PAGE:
October 1, 2009

I went to a seminar given by a visiting scholar on Cannibalism in Canada. Specifically, the limits of cultural relativism and the search for meaning when discussing the events he talks about.

The speaker’s points centered around two events, plus the Cree understanding of the Windigo spirit. For background, the Windigo is a creature that the Cree believed possessed people and made them lose control of themselves. Many sociologists have speculated that the rise of the Windigo myth came about in response to people practicing survival cannibalism and/or losing their minds. These people were said to be possessed by a Windigo. Say you were a hunter in a family and your wife was acting kind of batty, and it is the dead of winter. You need to go out and hunt, but you daren’t leave your kids alone with your wife because you’re scared of what may happen. It is easier to kill the Windigo possessing your wife in this case than it is to just kill your wife.

From our perspective, the end result is the same: the person ends up dead, but in the Cree mindset the person was already dead and only the Windigo was killed. This understanding of the Windigo spirit is critical to understanding what happened in the first incident. Basically a supply expedition went out in the dead of the Canadian winter is 1817, and got stranded. Eventually everyone died with the exception of the half-Cree wife of the leader of the expedition. To feed herself during this time she ate her dead companions. When some Cree who were sent to find the expedition found her, she was acting a bit weird and they killed her; or rather, they killed the Windigo. The English guys in charge at the Hudson Bay Company did nothing, and accepted the report of the Cree rescuers.

Fast forward to 1831, and during another particularly harsh winter a group of about 24 Cree came to a supply outpost asking for provisions as they were starving. As it happens, the leader of the Cree group was the father of the Cree who killed the woman in 1817, and the man running the outpost was her brother-in-law. TENSION! The quartermaster refused to provision the group, but not for the reason you’d think. See, his supplies were running short and he was already feeding about 14 other Cree who had come to him for help. He just didn’t have any extra food. Nonetheless, a few days later one of the Cree boys who was living at the outpost visited the camp of this large group of starving Cree and noticed they were all cleaning their guns. Sure enough, the next night the outpost was attacked, and only four people made it away.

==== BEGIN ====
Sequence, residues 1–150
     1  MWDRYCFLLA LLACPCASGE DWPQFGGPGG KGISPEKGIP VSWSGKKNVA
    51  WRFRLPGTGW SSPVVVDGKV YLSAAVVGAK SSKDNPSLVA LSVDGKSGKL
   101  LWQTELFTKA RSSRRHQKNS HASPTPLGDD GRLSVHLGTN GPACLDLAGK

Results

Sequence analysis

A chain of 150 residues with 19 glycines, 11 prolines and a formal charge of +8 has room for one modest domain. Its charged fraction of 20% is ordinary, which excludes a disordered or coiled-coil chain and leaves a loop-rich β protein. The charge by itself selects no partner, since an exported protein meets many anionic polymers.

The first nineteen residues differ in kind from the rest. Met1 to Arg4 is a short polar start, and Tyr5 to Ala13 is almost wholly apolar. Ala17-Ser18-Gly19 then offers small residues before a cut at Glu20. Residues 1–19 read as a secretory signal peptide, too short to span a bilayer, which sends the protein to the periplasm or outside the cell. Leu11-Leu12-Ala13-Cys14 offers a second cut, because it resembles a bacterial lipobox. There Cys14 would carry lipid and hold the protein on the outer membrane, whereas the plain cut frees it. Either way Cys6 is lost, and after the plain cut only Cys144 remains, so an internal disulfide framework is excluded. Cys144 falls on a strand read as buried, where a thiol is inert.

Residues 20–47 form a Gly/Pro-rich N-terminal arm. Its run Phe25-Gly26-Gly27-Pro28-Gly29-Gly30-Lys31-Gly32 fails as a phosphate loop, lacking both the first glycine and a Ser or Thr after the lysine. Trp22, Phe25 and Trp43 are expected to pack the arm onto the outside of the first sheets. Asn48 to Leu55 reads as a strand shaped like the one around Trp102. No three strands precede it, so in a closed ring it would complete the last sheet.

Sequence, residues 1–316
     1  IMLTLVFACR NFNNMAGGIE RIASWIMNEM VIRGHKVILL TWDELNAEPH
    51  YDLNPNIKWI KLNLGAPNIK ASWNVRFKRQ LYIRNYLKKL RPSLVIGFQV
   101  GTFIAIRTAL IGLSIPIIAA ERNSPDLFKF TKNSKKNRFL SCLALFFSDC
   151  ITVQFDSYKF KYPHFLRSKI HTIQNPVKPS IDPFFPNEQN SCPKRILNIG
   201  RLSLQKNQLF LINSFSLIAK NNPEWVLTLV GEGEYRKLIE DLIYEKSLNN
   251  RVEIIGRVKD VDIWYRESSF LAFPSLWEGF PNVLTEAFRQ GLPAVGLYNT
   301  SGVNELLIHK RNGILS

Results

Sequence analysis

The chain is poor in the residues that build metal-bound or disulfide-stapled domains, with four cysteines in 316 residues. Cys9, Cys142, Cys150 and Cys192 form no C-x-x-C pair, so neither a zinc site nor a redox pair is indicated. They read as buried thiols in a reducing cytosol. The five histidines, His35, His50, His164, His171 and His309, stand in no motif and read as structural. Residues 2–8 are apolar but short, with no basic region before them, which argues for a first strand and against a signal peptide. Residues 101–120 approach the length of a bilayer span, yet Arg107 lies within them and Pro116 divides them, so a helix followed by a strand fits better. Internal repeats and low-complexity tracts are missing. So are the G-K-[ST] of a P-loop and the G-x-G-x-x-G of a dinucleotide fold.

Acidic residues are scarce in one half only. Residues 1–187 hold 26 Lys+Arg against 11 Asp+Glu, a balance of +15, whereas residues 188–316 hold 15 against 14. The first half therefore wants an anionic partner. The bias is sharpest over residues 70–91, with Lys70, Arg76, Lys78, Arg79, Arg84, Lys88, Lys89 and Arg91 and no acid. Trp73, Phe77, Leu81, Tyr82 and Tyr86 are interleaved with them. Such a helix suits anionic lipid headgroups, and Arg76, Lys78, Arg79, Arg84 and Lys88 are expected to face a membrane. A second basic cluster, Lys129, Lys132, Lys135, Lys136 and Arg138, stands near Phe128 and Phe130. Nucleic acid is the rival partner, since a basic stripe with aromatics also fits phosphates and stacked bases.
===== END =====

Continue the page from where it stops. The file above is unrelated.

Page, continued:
All the Cree in the area fled, fearing what they saw as a Windigo spirit in this group of starving Cree. There’s no conclusive evidence of cannibalism in this case, but before arriving at the outpost the group had killed an elderly member of the group that wasn’t able to keep up. Over the course of the winter all the men in the killing group were captured and killed themselves.

Now, traditionally this event has been seen in the light of 1492; a simple Natives rising up against their white oppressors story. The lecturer argued that this simply wasn’t a satisfying way to describe the events in light of the Cree WIndigo myth. Furthermore, he argues that to simply cast this as two opposing forces– cultures diametrically opposed to each other– does not allow for all the interaction that the Europeans and the Natives in the area had with each other. All in all, fairly interesting, although time didn’t allow him to get into the cultural relativism part of his lecture in a way that satisfied me. In the end I was just confused by what he was saying there.